The motility of crawling cells requires cyclical actin polymerization transients. The location of these transients within the cell cortex determines the direction of cell locomotion. Polymerization transients can be induced by extracellular stimuli such as EGF and requires the mobilization of free barbed ends. Barbed ends nucleate the polymerization of actin which is believed to supply the force for protrusion of the cell membrane. Current evidence indicates that barbed ends are produced by (a) cofilin-mediated severing of pre-existing filaments, (b) Arp 2/3- mediated de novo assembly of barbed ends, or a combination of these mechanisms. We propose to test the involvement of cofilin in the generation of barbed ends at the leading edge by preparing caged variants of the catalytic domain of LIM kinase. We will also prepare inhibitors of endogenous LIM-kinase that can be uncaged in a spatially and temporally controlled manner. We propose to test the involvement of the Arp 2/3 complex in the generation of barbed ends at the leading edge by preparing dominant negative variants of the WASP-family proteins that stimulate the activity of Arp 2/3. We will also prepare antibodies against Arp 2/3 subunits that can block the activity of the complex in vivo. These reagents will be used in a variety of ways in cells to define the importance of the above mechanisms and their interactions in vivo.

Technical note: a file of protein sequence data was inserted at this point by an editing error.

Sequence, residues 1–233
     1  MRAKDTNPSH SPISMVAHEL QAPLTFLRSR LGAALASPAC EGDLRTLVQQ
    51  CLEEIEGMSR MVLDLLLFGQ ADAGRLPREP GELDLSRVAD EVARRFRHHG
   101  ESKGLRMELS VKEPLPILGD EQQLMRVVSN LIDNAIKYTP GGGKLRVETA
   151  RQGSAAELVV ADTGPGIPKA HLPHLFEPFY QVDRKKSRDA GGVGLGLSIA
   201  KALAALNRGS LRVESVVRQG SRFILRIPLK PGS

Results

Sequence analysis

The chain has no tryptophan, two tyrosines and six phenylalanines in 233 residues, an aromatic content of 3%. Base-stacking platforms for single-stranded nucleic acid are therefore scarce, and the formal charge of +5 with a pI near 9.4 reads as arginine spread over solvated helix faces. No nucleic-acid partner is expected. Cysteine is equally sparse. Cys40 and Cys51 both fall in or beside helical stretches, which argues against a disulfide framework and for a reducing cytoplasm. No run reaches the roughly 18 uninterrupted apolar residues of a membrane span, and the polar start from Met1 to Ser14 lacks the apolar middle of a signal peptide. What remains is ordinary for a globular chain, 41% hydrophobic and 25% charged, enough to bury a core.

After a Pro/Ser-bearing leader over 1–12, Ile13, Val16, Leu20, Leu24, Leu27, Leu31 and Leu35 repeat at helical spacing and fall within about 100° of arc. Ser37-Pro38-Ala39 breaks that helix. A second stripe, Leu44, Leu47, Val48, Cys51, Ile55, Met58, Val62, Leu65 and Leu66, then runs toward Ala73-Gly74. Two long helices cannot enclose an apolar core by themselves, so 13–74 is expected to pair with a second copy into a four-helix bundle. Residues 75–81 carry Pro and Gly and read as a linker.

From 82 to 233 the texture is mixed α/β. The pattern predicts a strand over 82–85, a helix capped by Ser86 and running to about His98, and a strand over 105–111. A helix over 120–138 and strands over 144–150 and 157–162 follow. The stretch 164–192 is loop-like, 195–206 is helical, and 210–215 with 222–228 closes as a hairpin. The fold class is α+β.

|Effective start/end date||4/1/00 → 3/31/01|
- National Institute of General Medical Sciences: $238,032.00
- Molecular Biology
- Structural Biology
- Cell Biology
- Developmental Biology